An infant with Hurler's syndrome was placed on an ascorbic acid-deficient diet at age 10 weeks. The clinical, radiological, and chemical changes that occurred during 1 year on this diet are described. Although the disease was progressive in the skeleton, there was little clinical involvement of the liver, spleen, cornea, and brain. Physical growth and psychomotor development were within normal limits during the year. The urinary excretion of glycosaminoglycans was not altered by ascorbic acid depletion. The clinical variability observed in Hurler patients precludes any conclusions as to the effect of this diet on the natural history of this disease.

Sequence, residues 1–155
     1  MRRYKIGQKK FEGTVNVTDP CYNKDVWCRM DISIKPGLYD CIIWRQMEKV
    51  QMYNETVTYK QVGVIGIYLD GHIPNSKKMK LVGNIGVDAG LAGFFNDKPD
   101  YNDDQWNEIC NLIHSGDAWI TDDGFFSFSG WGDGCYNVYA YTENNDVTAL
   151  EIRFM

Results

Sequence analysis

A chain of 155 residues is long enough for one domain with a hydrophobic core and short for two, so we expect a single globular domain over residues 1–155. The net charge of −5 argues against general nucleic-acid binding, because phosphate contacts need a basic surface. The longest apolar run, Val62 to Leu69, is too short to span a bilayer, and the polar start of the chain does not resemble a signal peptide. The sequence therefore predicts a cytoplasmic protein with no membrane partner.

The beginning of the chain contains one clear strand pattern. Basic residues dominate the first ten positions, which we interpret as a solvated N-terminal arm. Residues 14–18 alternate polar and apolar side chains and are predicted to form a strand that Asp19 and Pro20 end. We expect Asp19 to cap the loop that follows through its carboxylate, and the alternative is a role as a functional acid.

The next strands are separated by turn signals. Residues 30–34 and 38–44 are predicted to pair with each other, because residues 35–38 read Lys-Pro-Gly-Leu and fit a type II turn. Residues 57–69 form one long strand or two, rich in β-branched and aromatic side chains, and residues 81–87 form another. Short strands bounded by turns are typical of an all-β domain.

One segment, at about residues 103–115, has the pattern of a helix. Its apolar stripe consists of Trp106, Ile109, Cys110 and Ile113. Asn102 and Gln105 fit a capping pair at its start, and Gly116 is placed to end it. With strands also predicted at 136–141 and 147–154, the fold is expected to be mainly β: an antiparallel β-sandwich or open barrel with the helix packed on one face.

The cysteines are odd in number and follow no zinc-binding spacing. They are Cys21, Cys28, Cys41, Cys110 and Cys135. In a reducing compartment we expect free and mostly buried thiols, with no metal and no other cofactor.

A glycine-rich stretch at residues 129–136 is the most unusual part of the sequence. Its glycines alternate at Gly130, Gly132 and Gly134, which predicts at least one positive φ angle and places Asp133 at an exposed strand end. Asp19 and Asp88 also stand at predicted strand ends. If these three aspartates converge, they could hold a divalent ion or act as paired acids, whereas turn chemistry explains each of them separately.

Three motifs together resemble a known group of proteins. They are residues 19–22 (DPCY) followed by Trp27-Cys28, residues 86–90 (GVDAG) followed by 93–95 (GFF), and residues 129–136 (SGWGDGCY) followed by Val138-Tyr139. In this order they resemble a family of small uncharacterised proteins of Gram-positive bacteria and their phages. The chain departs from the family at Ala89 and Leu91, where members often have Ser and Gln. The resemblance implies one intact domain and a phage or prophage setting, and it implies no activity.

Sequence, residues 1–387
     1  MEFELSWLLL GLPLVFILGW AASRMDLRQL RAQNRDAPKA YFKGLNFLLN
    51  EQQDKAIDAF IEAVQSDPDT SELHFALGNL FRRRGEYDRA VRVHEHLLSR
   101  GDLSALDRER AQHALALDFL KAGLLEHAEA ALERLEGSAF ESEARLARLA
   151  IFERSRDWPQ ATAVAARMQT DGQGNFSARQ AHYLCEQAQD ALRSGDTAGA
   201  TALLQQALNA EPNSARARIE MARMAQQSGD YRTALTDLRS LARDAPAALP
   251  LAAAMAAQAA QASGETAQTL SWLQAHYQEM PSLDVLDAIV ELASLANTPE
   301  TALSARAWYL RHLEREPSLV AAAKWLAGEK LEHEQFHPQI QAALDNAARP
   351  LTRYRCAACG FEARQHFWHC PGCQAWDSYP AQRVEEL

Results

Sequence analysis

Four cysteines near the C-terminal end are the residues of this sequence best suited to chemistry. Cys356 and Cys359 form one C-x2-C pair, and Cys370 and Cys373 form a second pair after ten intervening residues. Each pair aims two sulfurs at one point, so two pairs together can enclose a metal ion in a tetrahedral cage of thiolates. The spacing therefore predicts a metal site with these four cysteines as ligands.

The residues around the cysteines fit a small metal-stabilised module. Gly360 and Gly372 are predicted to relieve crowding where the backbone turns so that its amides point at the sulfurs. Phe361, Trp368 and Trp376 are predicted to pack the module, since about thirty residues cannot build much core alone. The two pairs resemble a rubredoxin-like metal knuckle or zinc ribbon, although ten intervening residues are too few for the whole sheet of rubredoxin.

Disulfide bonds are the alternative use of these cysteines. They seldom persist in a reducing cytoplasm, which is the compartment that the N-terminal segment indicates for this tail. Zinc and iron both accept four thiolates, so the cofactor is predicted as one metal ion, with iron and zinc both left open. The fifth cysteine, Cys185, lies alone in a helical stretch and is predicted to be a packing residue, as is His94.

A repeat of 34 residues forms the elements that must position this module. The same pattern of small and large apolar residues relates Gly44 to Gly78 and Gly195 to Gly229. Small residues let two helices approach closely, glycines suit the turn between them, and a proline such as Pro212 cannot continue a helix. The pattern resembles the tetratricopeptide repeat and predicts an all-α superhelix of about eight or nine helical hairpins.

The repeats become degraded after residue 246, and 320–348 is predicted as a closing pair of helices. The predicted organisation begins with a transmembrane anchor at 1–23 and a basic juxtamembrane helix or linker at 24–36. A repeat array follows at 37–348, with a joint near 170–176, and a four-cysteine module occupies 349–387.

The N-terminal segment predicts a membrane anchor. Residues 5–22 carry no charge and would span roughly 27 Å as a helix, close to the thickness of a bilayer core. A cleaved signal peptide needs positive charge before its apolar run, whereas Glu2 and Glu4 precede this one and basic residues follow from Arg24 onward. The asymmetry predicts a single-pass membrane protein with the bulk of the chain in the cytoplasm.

Ascorbic acid levels became undetectable in the plasma and buffy coat, respectively, at 16 and 32 weeks of the diet. Even after 52 weeks on the scorbutogenic diet, the patient did not demonstrate any clinical or chemical evidence of scurvy, and wounds healed normally. This raises the question whether isolated ascorbic acid deficiency with an otherwise adequate diet will produce infantile scurvy, or whether patients with Hurler's syndrome have a unique requirement for vitamin C.